by Cheryl Dawes
With renewed funding from the National Institute on Aging and revised aims that build on past accomplishments, the University of Washington Alz-heimerís Disease Research Center (UW ADRC) is embarking on its 21st year of advancing knowledge of the causes and course of the brain changes of Alzheimerís disease (AD) and related disorders. This renewal is the fifth consecutive success in competitive review for funding for the ADRC, one of the first ten such Alzheimerís Disease Centers (ADCs) in the nation.
ADRC faculty include neurologists, psychiatrists, neuropath-ologists, neurobiologists, biostatisticians, molecular geneticists, and psychologists engaged in coordinated clinical and laboratory research. These researchers investigate scientific questions centered on the genetics of AD and related disorders and the neurobiology of human aging. The five-year funding renewal supports seven cores that constitute the backbone of the ADRC and three new research projects.
Project 1, Genetic Mapping of Late-Onset AD Genes, is led by Dr. Elaine Wijsman, research professor of Medical Genetics and Biostatistics. Wijsman and her colleagues will study genetic data collected from late-onset familial AD families and work to pinpoint chromosomal regions associated with age of onset, knowledge that can ultimately lead to the identification of genetic defects responsible for late- onset AD.
Project 2, Identification of Age of Onset Modifier Genes, is led by Dr. Gerard Schellenberg, research professor of Medicine, Gerontology and Geriatric Medicine. Schellenberg and his colleagues aim to identify new genes associated with the age of onset in AD by identifying chromosomal regions related to mutations in the presenilin 1 and presenilin 2 genes. They also plan to characterize the relationship between APOE, which is a susceptibility gene for AD, and familial AD in the presence of other inherited variables.
Project 3, CSF Proteome of Geriatric Dementias, is led by Dr. Tom Montine, Alvord professor of Neuropathology. Montine and his colleagues will study the relative differences between the cerebrospinal fluid (CSF) proteins from normally aging control subjects and those from subjects with different degrees of dementia. The researchers seek to develop a protein profile of geriatric dementia and, ultimately, biomarkers for different types of dementia.
Seven cores of personnel and resources administer the ADRC, provide technical support for research and develop public outreach, training and recruitment programs.
The Administrative Core, directed by Dr. Murray Raskind, ADRC director and professor of Psychiatry and Behavioral Science, is responsible for overall management of ADRC activities. It also helps move the Center forward and optimizes resources by soliciting proposals for pilot projects each year and augmenting pilot grant funds by generating contributions from community donors.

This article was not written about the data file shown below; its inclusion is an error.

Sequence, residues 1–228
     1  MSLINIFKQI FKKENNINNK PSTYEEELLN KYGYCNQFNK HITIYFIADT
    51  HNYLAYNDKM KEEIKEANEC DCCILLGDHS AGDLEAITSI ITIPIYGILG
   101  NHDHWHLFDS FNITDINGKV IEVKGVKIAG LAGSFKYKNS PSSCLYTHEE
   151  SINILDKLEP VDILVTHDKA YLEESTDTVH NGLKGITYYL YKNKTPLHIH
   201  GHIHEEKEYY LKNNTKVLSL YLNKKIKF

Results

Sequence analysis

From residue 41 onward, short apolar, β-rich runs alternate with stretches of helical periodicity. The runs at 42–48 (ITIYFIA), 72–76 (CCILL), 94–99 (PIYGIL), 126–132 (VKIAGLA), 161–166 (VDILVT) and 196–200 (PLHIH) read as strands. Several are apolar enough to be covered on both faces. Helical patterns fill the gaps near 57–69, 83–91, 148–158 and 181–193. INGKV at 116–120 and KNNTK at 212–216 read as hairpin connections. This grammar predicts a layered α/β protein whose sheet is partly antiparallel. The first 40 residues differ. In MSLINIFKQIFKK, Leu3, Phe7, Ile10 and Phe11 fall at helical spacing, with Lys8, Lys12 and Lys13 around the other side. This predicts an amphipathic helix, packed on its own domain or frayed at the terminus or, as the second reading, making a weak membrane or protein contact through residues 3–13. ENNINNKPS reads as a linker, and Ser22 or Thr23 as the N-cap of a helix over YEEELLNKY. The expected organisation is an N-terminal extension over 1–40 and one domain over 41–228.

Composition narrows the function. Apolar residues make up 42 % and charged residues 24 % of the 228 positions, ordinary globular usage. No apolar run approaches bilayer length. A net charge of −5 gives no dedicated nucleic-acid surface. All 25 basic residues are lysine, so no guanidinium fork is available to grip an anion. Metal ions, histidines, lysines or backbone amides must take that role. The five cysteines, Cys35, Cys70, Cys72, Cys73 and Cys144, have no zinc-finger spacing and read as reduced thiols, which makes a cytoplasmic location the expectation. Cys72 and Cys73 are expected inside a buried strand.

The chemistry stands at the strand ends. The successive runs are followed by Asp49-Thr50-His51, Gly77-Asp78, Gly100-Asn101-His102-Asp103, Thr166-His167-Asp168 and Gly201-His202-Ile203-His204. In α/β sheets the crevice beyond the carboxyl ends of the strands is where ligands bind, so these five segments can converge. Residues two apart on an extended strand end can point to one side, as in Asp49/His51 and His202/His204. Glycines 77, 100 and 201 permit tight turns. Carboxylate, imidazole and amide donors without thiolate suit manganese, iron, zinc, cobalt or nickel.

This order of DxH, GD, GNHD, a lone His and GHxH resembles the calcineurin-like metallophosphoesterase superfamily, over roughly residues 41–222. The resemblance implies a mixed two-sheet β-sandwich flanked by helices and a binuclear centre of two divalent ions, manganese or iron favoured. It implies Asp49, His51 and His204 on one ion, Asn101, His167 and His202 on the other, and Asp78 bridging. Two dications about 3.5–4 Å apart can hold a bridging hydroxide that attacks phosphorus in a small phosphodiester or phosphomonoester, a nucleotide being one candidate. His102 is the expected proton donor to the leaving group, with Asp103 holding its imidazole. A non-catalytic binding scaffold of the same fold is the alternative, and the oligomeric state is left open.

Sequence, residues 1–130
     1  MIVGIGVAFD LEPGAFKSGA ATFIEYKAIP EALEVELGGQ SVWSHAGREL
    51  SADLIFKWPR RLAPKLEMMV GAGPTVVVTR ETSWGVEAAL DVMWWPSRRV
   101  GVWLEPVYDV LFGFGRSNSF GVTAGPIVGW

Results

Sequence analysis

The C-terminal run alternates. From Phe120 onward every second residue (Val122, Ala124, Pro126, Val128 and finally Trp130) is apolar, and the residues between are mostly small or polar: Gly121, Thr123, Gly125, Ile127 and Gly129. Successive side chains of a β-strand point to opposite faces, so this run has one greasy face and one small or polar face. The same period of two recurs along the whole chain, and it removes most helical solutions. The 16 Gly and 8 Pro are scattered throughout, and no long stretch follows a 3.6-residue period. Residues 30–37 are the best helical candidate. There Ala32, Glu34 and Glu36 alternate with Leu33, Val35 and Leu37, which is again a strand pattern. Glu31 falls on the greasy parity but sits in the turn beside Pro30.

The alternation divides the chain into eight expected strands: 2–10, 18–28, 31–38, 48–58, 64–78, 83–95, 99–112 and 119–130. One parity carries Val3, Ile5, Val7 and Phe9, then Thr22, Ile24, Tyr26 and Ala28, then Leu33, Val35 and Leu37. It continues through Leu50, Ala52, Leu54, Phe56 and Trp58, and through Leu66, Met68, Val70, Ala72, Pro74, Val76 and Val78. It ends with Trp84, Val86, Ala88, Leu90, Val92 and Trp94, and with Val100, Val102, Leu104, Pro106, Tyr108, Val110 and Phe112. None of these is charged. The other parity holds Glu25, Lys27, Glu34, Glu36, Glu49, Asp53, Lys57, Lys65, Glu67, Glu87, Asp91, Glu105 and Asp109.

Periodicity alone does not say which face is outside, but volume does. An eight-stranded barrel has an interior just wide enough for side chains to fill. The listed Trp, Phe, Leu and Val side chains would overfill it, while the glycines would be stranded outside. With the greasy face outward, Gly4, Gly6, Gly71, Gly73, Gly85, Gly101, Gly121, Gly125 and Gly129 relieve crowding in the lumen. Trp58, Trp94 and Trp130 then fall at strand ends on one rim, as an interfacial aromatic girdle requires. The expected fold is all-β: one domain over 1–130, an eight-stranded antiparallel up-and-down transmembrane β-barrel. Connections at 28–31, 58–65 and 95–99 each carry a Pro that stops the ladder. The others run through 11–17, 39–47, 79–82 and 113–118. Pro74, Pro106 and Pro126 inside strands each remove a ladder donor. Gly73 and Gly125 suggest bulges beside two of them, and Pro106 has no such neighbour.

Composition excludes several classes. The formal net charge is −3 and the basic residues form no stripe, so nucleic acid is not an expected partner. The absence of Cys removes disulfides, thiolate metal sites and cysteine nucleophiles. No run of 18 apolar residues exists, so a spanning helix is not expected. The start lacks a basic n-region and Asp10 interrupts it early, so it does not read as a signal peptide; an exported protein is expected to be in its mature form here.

The Clinical Core recruits, characterizes, and follows subjects with AD, other dementia disorders and older subjects without dementia. This core, directed by Dr. Elaine Peskind, ADRC associate director, also maintains a bank of cerebrospinal fluid from well-characterized subjects that is a national resource for development of biomarkers for AD and aging.
The Data Management and Biostatistics Core is directed by Dr. Elaine Wijsman. It provides database management support to ADRC research projects, cores, and pilot projects. This core also provides support in statistical genetic design and analysis at the ADRC and other ADCs.
The Neuropathology Core, directed by Dr. Tom Montine, is part of the Pacific Northwest Dementia and Aging (PANDA) Neuropathology Group, a cooperative effort between the ADCs at the UW and Oregon Health & Science University. It provides neuropathologic diagnoses and facilitates research by collecting, storing, and distributing brain tissue and neuropathologic data.
The Minority Satellite Core, directed by Dr. Soo Borson, professor of Psychiatry and Behavioral Sciences, will enroll and follow Japanese Americans who previously participated in the Kame project, an NIA-funded epidemiological study of dementia in Japanese Americans in the Seattle area that ended in 2002. The Minority Satellite Core will build on Kame accomplishments to foster inclusion of this well-characterized group of older adults in ongoing research on dementia and aging.
The Education and Information Transfer Core, directed by Dr. Linda Teri, professor of Psychosocial and Community Health, conducts activities that support outreach and training from the ADRC to patients, their caregivers, and the professional community.
The Genetics Core, directed by Dr. Thomas Bird, professor of Neurology, recruits, characterizes, obtains DNA from, and clinically follows families with AD. This core provides DNA banking for studies of AD and other dementias. It supports research aimed at identifying new dementia genes by Projects 1 and 2 and other AD investigators.
The UW ADRC has sought to facilitate cutting-edge research on AD and to enhance the clinical care of patients though education and outreach since its inception in 1985. It has made major advances in that time and looks forward to making continued meaningful contributions to the problems of AD and other later life dementing disorders.